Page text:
We only need to represent our three groups and we can just use
three boxes for this. (Note: in this diagram the groups are labeled
with their full names for clarity, but on the actual exam, you
will probably want to use the abbreviations in order to save
time.) Within each group box, we will put three horizontal lines
for the three elements we will place in those groups. (Remember
that one of the three dorms has four students. Since we don't
know yet which one, we can represent that underneath each of
the four group boxes with a horizontal line and a question mark.
) Like our other games, we will write the conditions for the
game to the side.
Now that we have our diagram,
let's look at the conditions we have written at the side and
see which ones can be transferred into the diagram. As before,
let's start with the conditions that are fixed. Starting with
the last condition, we see that O and R will be in group i (Intellectual),
so let us write O and R in two of the lines in the Intellectual
If we look at the second to last
condition we have written to the side, 4 = L, N, T and (M, U,
or P), we remember that L, N, T and one other student are in
the dorm that has four students. Because we already have O and
R in the Intellectual dorm, there is not enough space left in
that dorm. Therefore, we know that the Intellectual dorm does
not have four people in it, so we can eliminate the ? line from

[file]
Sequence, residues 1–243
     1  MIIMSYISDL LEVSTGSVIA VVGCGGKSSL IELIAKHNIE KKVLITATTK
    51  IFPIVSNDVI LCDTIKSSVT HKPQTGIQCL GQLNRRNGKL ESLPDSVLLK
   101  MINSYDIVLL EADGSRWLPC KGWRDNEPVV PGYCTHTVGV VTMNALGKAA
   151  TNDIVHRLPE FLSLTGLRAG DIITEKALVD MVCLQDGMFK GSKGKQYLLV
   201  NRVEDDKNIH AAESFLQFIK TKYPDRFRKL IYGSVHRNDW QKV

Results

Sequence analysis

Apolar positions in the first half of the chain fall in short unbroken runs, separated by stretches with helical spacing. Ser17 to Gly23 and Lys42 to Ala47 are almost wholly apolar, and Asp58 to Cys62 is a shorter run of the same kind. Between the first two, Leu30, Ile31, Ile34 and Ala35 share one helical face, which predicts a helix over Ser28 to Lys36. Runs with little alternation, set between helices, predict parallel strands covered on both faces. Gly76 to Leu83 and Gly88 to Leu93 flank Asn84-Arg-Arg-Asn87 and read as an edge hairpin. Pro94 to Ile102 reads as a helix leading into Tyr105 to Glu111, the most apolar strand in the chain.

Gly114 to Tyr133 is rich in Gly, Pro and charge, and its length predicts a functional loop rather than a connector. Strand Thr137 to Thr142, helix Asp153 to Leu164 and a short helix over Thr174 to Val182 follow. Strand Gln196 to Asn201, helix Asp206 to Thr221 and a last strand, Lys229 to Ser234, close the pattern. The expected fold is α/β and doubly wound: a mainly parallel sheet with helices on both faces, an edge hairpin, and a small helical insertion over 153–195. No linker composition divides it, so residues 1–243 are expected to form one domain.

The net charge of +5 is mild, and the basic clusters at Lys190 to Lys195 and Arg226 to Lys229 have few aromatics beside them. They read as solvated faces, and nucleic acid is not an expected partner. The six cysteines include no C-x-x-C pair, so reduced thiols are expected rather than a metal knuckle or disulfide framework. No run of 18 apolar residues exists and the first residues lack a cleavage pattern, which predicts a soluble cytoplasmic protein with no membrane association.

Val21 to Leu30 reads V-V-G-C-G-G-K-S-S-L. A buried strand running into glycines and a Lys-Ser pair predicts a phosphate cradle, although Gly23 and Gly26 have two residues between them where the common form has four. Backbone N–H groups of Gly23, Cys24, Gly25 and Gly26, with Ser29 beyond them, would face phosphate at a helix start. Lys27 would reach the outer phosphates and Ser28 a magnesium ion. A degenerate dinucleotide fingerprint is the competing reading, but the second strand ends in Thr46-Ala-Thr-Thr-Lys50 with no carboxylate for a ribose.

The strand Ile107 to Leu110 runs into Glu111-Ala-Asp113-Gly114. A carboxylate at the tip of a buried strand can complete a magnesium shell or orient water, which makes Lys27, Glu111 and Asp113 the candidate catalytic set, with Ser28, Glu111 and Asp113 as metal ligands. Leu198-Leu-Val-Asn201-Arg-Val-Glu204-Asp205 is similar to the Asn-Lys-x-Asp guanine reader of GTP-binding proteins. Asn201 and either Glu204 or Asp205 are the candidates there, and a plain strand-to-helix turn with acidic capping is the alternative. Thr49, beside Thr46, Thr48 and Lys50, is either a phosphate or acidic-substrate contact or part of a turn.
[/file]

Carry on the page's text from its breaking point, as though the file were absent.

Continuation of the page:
underneath this group. Further, if we look at our second condition
which states that M, U, and P must be in separate groups, we
know that one of these students must be the third one in the
Intellectual group. We can represent this possibility as M /
U/ P on that third line, symbolizing that one of these must be
in this group.
The next step is to look over
the conditions again to see if any new information can be deduced
when considered together with your diagram. We know that L, N,
T and either M, U, and P make up the dorm that has four of the
students, but we don't know yet if these four are in the Genius
or Brainy dorms. It seems as though this is all the information
we can fill in so far.
Next, let's proceed to some sample
If M and Q are assigned to the
same dorm, which of the following cannot be true?
(A) O and U are in the same dorm.
(B) R and P are in the same dorm.
(C) Q and S are in the same dorm.
(D) U and L are in the same dorm.
(E) M and T are in the same dorm.
After reading the question, the
first step is to determine what additional information is provided
by the question itself. In this case, we are told that M and
Q are assigned to the same dorm. If we look at our diagram, M
and Q could fit into either the Genius or the Brainy dorms. If
we look at the answer choices, we see that we are not going to
be asked which students are in specific dorms, only which students
are assigned to the same dorm. So, let's arbitrarily insert M
and Q into the Genius dorm to start. Once we have placed M into
the Genius dorm, then we can remove it from being a possibility